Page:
Preview: Nobel Prize for literature is announced on Thursday
A MARTINEZ, HOST:
In just a few hours, a new name will join the pantheon of Nobel winners in literature. Now, past laureates have included the authors Toni Morrison, Saul Bellow and Ernest Hemingway. NPR's Neda Ulaby joins us now as we wait for updates from Sweden. So, Neda, are we - what? - expecting maybe a big win for James Patterson, Nicholas Sparks this year? What do you think?
NEDA ULABY, BYLINE: (Laughter) I don't think so, not unless they have side gigs I don't know about as - I don't know - maybe avant-garde...
ULABY: ...French poets or crusading journalists in Belarus. Seriously, though, A, over the past 20 years, the literature Nobel has tended to go to a certain kind of writer who's pretty obscure outside of academic circles. They're often North American or European, white, extremely distinguished, but not exactly rock stars, except at universities or in their home countries. So just for examples - recent literature winners include the Polish writer Olga Tokarczuk and the Austrian experimental playwright Peter Handke.
MARTINEZ: Well, you said rock star. So, I mean, let's not forget about a real rock star - Bob Dylan. He won a Nobel Prize in literature five years ago.
ULABY: Right. And that did feel a little bit like an overcorrection on the part of the...
ULABY: ...Nobel Prize committee, like, maybe they were trying really obviously to appeal to a broader audience, except in some ways because, you know, there were similar generational issues and aesthetic sensibilities going on. And I should add that Bob Dylan was one of two Americans who very recently got the literature Nobel. The last one, just last year - the wonderful poet Louise Gluck.
MARTINEZ: OK. Now, you said that certain geographical areas tend to be overrepresented with the literature Nobel. How much is this really an issue?
ULABY: Let me put it this way, A - more Austrians have won the literature Nobel in the past 20 years than anyone from the entire continent of Africa...
ULABY: ...Or from the Arab world or from Central America.
ULABY: No Black person has won a literature Nobel since Toni Morrison in 1993. And no one from any East Asian country, except for China or Japan, has ever won. And this is an award intended to be the most prestigious in world literature.
MARTINEZ: And that definitely sounds like overrepresentation - those numbers that you just threw out there. So has this always been the case?
ULABY: You know, actually not. In the 1980s and 1990s, the Nobel Prize for literature went to leading writers from Colombia - Gabriel Garcia Marquez - and from Mexico, Egypt - Wole Soyinka from Nigeria, Derek Walcott from Saint Lucia. It really wasn't as Eurocentric as it's been feeling for the past 20 years.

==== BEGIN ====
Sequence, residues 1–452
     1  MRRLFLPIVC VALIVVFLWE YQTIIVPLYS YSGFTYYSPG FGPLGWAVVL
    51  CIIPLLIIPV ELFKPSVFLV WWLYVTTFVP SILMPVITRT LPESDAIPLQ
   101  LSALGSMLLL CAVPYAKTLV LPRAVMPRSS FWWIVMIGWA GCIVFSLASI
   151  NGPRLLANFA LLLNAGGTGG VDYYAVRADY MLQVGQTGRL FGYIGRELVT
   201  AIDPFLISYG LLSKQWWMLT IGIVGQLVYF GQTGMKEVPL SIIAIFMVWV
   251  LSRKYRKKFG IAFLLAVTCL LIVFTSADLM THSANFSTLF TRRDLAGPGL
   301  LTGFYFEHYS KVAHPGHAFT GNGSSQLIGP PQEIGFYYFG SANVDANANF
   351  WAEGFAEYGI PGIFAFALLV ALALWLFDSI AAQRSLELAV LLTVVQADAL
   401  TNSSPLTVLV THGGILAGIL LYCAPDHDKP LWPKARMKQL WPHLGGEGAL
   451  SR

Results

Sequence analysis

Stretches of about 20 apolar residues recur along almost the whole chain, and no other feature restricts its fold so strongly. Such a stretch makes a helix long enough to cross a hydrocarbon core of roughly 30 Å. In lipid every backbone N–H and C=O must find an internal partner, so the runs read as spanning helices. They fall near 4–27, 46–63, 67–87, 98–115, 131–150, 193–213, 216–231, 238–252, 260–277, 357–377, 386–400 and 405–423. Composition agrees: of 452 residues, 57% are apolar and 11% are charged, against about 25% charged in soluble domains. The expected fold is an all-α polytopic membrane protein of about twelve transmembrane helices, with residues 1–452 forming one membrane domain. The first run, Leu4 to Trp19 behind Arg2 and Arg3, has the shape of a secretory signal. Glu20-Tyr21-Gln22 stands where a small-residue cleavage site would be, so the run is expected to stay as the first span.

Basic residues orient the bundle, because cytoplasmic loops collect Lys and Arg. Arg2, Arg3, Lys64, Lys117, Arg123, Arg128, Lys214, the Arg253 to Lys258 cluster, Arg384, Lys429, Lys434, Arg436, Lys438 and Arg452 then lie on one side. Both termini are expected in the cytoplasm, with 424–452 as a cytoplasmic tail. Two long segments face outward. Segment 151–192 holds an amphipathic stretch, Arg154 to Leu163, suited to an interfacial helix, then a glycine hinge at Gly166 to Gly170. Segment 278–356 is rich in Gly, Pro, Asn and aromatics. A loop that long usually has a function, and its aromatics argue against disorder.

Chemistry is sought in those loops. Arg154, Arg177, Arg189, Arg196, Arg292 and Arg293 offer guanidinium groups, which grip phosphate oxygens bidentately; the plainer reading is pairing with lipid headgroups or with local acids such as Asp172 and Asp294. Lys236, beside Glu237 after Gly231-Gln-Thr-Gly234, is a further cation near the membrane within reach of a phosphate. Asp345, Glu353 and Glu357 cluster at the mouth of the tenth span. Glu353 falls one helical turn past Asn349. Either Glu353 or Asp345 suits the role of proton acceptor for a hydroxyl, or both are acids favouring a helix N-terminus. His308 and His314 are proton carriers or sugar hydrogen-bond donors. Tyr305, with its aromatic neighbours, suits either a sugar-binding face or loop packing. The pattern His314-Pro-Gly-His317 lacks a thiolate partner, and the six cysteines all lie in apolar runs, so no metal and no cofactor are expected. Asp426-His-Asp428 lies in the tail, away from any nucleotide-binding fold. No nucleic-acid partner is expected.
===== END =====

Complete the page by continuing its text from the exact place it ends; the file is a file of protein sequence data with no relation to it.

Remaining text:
MARTINEZ: So especially with the cultural reassessments and reckonings that we've been seeing happen all over the world, do you have a sense maybe that there will be changes?
ULABY: Maybe. The Nobel Committee for Literature recently tried to diversify by adding two women in their 50s, and this was after a sexual abuse scandal in 2017. And what that means is that the judges are now six Swedish writers whose combined age is more than 400 years. So they seem to have realized that the prize's relevance has dwindled in the popular imagination, and the chairman has promised to start drawing on experts next year that will help the committee consider literature beyond Europe and North America. Ideally, this is supposed to help make the Nobel Prizes more about global human achievements, even in countries that are not rich in any resources beyond the imagination.
MARTINEZ: Yeah. All right, so who are some of the literature front-runners this year?
ULABY: Well, the Kenyan writer Ngugi wa Thiong'o comes up every year as a strong possibility. He is what we call a perennial Nobel bridesmaid. Other names that come up a lot are the Canadian writer Margaret Atwood, the Syrian poet Adonis and the Japanese novelist Haruki Murakami. There's a French writer named Annie Ernaux who's getting a lot of buzz, even though if she won, it would make her the third writer from France since 2008 to win the Nobel Prize in literature.
MARTINEZ: That's NPR's Neda Ulaby, who covers arts and culture. Thanks a lot.
ULABY: Thank you, A.
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